It’s always fascinating to see the inside of a celebrity home—whether it’s Kim Kardashian’s minimalist abode or Ina Garten’s newly renovated kitchen. But what’s it like to actually work with a celebrity to carefully craft their sanctuary? To learn, we spoke with the seasoned pros who have dreamt up interiors for your favorite A-listers and beyond.
As with any client, celebrities tend to propose functional elements that fit their lifestyle—these are a big driving factor in the design process. But “A celebrity’s life is a little different from the rest of us because they can’t just run down the road to get a pint of milk, so you have to make sure that their homes offer all the conveniences, all the luxuries, all the essentials that they require,” says Martyn Lawrence Bullard, who has decades of experience working with celebrities on their homes.
Commonly sought-after features include glam rooms (which are in many people’s homes these days), home theaters, podcast rooms, fitting rooms, dressing rooms, and separated entry areas or buildings on the property where celebrities can have their staff go rather than having to come into their own homes. Special lighting has become another ask. “We have clients that film reality shows and TV shows in their homes,” says Bullard. “So we’ve had to work with lighting designers to come up with amazing lighting tricks that you use to make sure that the celebrity is perfectly and beautifully lit at all times.”
Along with those custom amenities, the stars seek originality, surprise, and drama. “Every celebrity client wants to know that they are getting something unique, so sourcing is very important,” says designer Amy Sklar.
Of course, privacy and security are also vital factors—from designer discretion and trusted vendor selection to smart solutions for potential problems. Bullard explains: “Many of my clients have had stalkers. We had a project for a major star once where we installed the house and little did we know that whilst the gates were open, a stalker came in and literally hid out in the house, actually got locked in a cupboard for three days inside the house.”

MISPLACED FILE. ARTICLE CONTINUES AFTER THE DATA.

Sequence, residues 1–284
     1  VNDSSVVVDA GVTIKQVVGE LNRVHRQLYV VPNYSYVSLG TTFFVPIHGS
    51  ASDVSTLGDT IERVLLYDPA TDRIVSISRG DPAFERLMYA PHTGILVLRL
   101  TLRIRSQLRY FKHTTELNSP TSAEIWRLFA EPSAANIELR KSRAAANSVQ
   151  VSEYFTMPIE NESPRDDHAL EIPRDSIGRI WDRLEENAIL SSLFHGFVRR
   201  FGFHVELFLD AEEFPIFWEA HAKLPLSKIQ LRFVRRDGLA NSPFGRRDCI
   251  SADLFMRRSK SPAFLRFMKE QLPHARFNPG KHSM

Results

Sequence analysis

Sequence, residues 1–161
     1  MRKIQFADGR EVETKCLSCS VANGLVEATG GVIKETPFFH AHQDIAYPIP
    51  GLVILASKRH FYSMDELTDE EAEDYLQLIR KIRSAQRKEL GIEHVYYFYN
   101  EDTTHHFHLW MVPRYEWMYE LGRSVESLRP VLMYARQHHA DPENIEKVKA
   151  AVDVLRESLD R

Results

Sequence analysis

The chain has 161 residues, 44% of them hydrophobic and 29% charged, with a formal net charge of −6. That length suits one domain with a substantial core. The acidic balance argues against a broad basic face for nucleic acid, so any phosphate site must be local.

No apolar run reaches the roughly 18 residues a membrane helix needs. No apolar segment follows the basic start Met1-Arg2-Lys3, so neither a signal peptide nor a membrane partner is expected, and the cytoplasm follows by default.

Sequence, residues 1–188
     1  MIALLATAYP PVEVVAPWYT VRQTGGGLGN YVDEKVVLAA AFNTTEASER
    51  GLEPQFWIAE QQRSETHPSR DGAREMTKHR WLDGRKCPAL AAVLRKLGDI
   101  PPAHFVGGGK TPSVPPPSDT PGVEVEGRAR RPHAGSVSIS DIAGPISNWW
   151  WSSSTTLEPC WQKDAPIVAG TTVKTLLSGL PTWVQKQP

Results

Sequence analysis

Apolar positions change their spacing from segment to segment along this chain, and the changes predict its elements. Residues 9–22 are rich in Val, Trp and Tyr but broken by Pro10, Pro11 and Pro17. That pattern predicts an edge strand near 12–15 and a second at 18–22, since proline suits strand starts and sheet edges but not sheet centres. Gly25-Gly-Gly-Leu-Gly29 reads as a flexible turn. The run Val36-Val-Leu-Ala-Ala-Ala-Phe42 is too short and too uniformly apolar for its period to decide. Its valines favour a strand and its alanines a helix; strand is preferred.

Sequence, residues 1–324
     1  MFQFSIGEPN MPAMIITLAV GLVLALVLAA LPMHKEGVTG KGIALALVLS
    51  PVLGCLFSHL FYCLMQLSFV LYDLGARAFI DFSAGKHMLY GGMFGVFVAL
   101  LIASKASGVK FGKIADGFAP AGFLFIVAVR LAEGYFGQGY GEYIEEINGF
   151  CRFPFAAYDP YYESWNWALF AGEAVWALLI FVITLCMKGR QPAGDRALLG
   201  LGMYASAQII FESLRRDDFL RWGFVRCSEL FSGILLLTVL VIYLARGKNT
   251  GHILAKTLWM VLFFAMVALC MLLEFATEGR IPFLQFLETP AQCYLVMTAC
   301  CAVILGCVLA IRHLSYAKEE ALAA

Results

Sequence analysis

The solution? A panic room, equipped with alternate ways of calling for help, can be designed for hiding until police arrive. These escape zones usually include little refrigerators with necessities like water and power bars. “That’s something that has become more and more prevalent in each and every one of our clients’ homes,” the designer says.
While you might expect celebrities to have more freedom when it comes to budget, Bullard says, “Just because you’re a celebrity doesn’t mean that you are wildly wealthy.” Many of his clients are successful and enjoy spending money on their homes, but everyone has a budget. “So we learn to live and work with that.”
A certain level of flexibility is also a must when working with a celebrity. “You have to make yourself very pliable,” says Bullard, who once went over fabrics with a client in their bedroom at 11 p.m as it was the only time the celebrity had to concentrate amidst a packed schedule. “We are, at the end of the day, a service industry, and we are here to offer our very best service option that we possibly can to the clients… As I often say, it’s not just fabric and flowers—there’s a lot more that goes into this.”